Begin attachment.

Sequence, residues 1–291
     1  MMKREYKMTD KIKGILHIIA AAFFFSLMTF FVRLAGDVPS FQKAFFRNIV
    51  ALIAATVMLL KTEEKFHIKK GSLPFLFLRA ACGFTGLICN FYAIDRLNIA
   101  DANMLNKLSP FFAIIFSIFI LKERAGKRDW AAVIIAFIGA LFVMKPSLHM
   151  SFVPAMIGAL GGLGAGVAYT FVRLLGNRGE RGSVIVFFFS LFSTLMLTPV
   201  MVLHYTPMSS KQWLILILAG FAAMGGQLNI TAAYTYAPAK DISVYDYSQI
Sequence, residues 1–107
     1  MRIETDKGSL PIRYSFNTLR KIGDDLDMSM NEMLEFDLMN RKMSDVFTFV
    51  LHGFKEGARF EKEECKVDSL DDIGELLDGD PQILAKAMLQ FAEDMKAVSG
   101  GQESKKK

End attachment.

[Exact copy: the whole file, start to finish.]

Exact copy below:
Sequence, residues 1–291
     1  MMKREYKMTD KIKGILHIIA AAFFFSLMTF FVRLAGDVPS FQKAFFRNIV
    51  ALIAATVMLL KTEEKFHIKK GSLPFLFLRA ACGFTGLICN FYAIDRLNIA
   101  DANMLNKLSP FFAIIFSIFI LKERAGKRDW AAVIIAFIGA LFVMKPSLHM
   151  SFVPAMIGAL GGLGAGVAYT FVRLLGNRGE RGSVIVFFFS LFSTLMLTPV
   201  MVLHYTPMSS KQWLILILAG FAAMGGQLNI TAAYTYAPAK DISVYDYSQI
Sequence, residues 1–107
     1  MRIETDKGSL PIRYSFNTLR KIGDDLDMSM NEMLEFDLMN RKMSDVFTFV
    51  LHGFKEGARF EKEECKVDSL DDIGELLDGD PQILAKAMLQ FAEDMKAVSG
   101  GQESKKK